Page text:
I Had A Big Butt, Now I Don't —​ And The Way Men Treated Me Changed

Photo: Courtesy of the author
Men Started Treating Me Differently After I Lost My Big Butt

Once upon a time, this white girl had quite the big butt.

I've always been curvy, with thick muscular legs and a generously round gluteus maximus. My weight has fluctuated up and down throughout my life, but usually the butt remained. 

When I had my booty, I hated it. I wanted to be skinnier and have a body that fit into normal clothing. Jeans shopping was hell. Every pair inevitably gapped in the waist and fit too snugly in the ass and thighs. I felt insecure in bikini bottoms. I wasn't overweight, but my butt made me feel dumpy and thick. I thought I wanted to get rid of it.

I was also keenly aware of the way that guys saw me because of my body. To be frank, white dudes rarely hit on me. I got a range of ethnicities all day, every day, but I was seemingly too "voluptuous" for the Caucasian bros. 

I hated my butt even more because men felt they had a right to comment on it constantly. The dudes who did hit on me weren't shy, and they made gross, blatant comments about me owning a "ghetto booty," as if it were near impossible for a white girl to ever have junk in her trunk.


I felt targeted. I wanted to escape the attention that I got out on the street that I never asked to receive. I'm built the way I'm built. That doesn't give anyone a right to harass me, but apparently the men I passed on the sidewalk felt differently.

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I dated a man who told me he was really glad I had a big ass because I was "really cool," but no matter how much he liked a girl he couldn't be with her if she had a flat butt. I should've known better and dumped him immediately, but I was young and dumb.

I thought it was a compliment to be objectified by someone I was dating. I was flattered that he was sexually attracted to me. I had very little self-esteem at the time, obviously.

I maintained my weight and my curvaceous lower half, for the most part. Then I went through a really rough breakup (not with Butt Guy, but a different boyfriend after him). I basically quit eating for three months. I lost a lot of weight. I lost my most familiar asset, so to speak.

It's been over a year, and no matter how many squats I do, the booty is smaller than ever before. It's tight and perky. I'm happy to be thinner and in better shape, but I miss my butt.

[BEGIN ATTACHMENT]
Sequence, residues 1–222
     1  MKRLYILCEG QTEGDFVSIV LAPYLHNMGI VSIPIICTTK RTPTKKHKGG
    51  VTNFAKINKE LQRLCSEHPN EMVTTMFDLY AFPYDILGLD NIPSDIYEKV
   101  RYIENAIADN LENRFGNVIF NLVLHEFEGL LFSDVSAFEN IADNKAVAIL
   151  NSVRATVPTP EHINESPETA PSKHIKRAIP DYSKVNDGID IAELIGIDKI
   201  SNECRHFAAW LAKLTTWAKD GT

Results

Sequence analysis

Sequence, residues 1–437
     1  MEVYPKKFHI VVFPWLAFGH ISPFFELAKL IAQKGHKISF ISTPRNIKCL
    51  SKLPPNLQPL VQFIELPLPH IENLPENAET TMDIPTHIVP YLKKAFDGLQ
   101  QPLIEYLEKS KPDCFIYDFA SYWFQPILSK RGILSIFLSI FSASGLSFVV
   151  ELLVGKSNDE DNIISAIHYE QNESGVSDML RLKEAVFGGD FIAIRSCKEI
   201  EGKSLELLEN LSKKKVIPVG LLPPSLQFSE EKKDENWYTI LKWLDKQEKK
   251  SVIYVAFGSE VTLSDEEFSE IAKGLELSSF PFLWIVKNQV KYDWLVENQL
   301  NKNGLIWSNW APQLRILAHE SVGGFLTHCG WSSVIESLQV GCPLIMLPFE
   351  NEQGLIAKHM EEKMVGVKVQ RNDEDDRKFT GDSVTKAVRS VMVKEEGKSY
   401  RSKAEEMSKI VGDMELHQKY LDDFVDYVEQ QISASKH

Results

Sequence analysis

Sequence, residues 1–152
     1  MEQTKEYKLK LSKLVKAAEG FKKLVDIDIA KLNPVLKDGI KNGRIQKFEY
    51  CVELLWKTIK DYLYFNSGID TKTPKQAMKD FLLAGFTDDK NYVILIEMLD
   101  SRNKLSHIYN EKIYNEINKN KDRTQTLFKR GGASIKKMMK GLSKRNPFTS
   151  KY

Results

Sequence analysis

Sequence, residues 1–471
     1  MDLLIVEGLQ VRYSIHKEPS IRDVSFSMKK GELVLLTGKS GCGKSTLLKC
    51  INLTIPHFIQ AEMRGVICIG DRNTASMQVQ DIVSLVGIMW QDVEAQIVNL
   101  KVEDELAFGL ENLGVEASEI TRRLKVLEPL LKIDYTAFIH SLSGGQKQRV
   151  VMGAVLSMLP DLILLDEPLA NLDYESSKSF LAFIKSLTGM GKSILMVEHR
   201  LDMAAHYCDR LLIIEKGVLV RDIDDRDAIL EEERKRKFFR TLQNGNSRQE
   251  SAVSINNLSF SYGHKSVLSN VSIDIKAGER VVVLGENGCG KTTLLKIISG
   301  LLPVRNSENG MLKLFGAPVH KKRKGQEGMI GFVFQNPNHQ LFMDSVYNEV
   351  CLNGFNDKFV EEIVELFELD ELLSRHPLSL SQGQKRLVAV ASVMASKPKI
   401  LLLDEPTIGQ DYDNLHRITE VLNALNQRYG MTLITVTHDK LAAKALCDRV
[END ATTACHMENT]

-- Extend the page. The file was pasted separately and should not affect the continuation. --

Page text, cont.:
I thought I hated my butt, but now I'm self-conscious. I get very defensive if anyone ever dismisses it as too small or too "white." It's stupid, but I feel less desirable.

I hate that a societal ideal of what is considered attractive in today's culture has shaped my opinion of my own body so definitively. I'm glad to no longer get cat-calls as I run errands but I'm also slightly offended. I don't get hit on at all anymore. It could be because I don't put myself in situations where I will be, but it feels a little sad sometimes. On the other hand, when men do speak to me, they seem more interested in my personality and wit than staring at my back-end as I walk away.

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I want to love my body regardless of what men think of it. I consider myself a feminist and yet, I'm breaking my own feminist rules. Why should I care if a guy thinks I have an acceptable ass? I should love myself and my butt, no matter how big or small it may be.

I know that I have so much more to offer than a body part that has only in recent history been deemed the epitome of female desirability. I'm sure there are plenty of great guys out there who will love me just the way I am if I let go of my own hang-ups.

So I'll say it: I actually like having a smaller butt! If I let go of all the ways that I think people judge my body, I can clarify how I really feel. I only miss it because it seems like men are less attracted to me now that I don't have it.

When I let go of all that superficial crap, I realize that my worth and desirability has nothing to do with the size of my butt. Screw what men think! I like that it's perky and no longer feels like a weight behind me when I run and dance and move. I also like fitting into any pants I want without any problems.

I get envious once in awhile when I see a ridiculously curvy girl in a tight dress, but not in a hateful way. We're all built differently, and we're all beautiful the way we are. If some dumb guy is judging me on the size of my booty, I don't want to waste my time with him anyway. Let him go find what he wants. I'll find someone who wants me, whether my ass is big or small or somewhere in between.

Oh, and by the way, it's pretty great not worrying about getting lewd comments on the street. Let's teach men to respect women of all sizes and not presume that they can harass us to "show their appreciation." Show your appreciation by shutting up and giving us the space we deserve.

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Amy Horton writes for several sites including Elite Daily, The Bolde, Dirty & Thirty, and Women Who Explore.